Seventy-one percent of the purchase would have been covered by state aid. In addition, David Clark, who works in the bus garage, had advised the school board at recent meetings that this year’s bus proposition was particularly important because the vehicles on the ballot were old enough that the district would be saving money, as these vehicles would not have to be adjusted to meet the Environmental Protection Agency’s new diesel emission standards. He estimated then that this would have meant between $7,500 and $8,000 in savings per bus.

But these details, Anderson said, were not properly communicated to the larger community.

The plan

The contingency plan looks to spend $19,641,977 in the 2010-11 school year, and will raise the tax levy by 6.5 percent, to $10,525,791.

“Again, that’s an estimate, because we are still waiting on a state budget, [and] whether funds get reinstated,” BKW Business Official Kevin Callagy said at the May 20 meeting, before the school board voted unanimously to adopt the contingency plan. “They can certainly be applied against the tax levy,” he said.

Not included in that total are $15,429-worth of non-contingent expenses, made up of $9,229 in salary adjustments for non-union staff, and $6,200 for the cost of equipment for the business office, guidance office, high school office, and elementary school office. Examples of non-contingent equipment include electronics like computers and printers, Callagy said this week.

“But there’s a difference; if a printer breaks, that makes it a contingent cost,” said Callagy. “If we’re just looking to buy a new printer, that’s not contingent. So, those are the kinds of things that would have to come out.”

Other pieces not included in the contingency budget are the cost of student supplies, which BKW typically does not budget for, and community use of school property, which does not cost the district any extra money, Callagy said at last week’s meeting.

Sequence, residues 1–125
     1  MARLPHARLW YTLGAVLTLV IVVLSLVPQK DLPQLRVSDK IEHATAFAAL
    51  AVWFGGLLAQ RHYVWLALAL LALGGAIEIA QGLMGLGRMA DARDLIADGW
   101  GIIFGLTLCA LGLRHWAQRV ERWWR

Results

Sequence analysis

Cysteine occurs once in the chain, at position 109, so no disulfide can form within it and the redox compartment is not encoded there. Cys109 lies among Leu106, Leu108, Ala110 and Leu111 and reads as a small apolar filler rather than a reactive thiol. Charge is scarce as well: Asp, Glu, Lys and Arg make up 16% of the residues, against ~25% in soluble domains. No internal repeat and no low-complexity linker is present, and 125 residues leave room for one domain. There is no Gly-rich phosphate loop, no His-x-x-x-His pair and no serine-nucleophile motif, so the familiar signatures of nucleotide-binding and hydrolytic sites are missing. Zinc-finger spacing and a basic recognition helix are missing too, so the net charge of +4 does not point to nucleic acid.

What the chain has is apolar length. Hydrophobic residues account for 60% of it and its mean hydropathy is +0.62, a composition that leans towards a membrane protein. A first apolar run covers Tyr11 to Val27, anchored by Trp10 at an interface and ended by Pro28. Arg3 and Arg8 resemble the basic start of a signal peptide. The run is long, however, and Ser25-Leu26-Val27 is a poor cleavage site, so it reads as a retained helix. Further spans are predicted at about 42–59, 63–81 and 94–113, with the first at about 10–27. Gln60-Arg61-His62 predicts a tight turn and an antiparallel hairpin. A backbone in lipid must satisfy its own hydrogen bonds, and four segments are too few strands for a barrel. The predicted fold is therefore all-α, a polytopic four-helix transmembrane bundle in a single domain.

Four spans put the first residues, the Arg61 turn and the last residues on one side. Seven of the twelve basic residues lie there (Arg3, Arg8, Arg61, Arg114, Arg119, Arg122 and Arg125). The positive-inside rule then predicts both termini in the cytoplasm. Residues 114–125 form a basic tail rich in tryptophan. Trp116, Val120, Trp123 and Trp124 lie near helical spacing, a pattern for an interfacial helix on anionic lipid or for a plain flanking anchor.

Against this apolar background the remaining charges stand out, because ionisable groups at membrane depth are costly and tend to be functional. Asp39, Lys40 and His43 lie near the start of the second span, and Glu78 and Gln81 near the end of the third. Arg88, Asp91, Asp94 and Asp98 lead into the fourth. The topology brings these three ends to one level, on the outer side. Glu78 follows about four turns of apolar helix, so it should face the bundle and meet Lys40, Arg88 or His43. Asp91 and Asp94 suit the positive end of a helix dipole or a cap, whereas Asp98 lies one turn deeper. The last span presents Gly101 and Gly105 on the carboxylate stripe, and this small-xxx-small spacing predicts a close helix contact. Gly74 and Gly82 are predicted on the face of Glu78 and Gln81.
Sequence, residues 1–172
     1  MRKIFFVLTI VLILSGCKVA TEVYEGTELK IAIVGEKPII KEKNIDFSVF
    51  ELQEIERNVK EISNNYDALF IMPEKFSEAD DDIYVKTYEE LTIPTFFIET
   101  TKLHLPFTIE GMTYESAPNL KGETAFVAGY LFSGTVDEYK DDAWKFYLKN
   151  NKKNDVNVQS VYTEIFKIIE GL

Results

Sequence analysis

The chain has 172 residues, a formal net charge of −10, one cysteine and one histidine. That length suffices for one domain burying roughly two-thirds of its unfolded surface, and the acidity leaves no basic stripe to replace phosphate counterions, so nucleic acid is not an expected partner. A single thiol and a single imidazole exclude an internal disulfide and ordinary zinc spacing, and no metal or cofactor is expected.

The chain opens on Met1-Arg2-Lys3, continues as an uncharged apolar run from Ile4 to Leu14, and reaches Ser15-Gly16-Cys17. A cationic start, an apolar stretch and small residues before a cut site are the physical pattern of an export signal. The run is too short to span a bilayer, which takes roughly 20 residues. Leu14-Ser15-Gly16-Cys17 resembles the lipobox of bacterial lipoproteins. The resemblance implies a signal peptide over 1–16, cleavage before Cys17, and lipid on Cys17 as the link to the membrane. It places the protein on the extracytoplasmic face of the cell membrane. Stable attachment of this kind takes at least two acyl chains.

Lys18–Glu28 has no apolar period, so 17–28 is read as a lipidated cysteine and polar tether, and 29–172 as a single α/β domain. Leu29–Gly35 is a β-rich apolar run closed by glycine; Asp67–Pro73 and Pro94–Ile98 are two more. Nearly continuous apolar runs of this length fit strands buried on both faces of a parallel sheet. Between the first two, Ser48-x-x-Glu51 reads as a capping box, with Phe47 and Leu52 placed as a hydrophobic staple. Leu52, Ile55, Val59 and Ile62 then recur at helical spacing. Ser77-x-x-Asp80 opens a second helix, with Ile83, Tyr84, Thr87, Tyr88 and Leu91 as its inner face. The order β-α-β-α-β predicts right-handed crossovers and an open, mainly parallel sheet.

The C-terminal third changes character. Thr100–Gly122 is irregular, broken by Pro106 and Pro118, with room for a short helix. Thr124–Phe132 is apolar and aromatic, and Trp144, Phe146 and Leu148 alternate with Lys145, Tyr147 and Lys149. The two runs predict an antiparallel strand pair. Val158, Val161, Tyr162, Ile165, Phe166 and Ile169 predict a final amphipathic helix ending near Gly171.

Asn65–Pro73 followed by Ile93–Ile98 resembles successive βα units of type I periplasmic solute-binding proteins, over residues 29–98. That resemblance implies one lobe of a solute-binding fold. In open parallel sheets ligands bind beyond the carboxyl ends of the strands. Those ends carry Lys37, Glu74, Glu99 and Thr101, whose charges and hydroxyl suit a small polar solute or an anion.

“If the community is coming in on weekends, and we assign a custodian to be in the building with them, they’re reimbursing us,” Callagy told the board. “So, the community would still be able to use the facility as long as it is not costing us.”

That $15,429 total, added to the $19.6-million contingency total, equals the $19.7-million budget that voters opposed last week because the state-set cap for percentage increases in contingency budgets was set at zero-percent, and because the district was already proposing a spending decrease from this year’s budget, Callagy said.

In anticipation of a $1.13-million drop in state aid, the failed 2010-11 budget totaled $19,657,406, and would have spent $133,661 less than the current year’s budget, while increasing the tax levy by $659,172, or 6.7 percent. So, while the 2009-10 budget raised $9.8 million by property taxes with no tax-levy increase, next year’s budget would have cost district residents $10,541,220 in taxes, had it passed last Tuesday.

However, despite the failure of the budget last week, several staff and program cuts remain, including the elimination of 19 jobs, and the loss of classes in both the elementary and the middle-high school.

(For a full list of cuts, and more information on the failed 2010-11 budget, go to www.altamontenterprise.com and look under Hilltown archives for May 20, 2010.)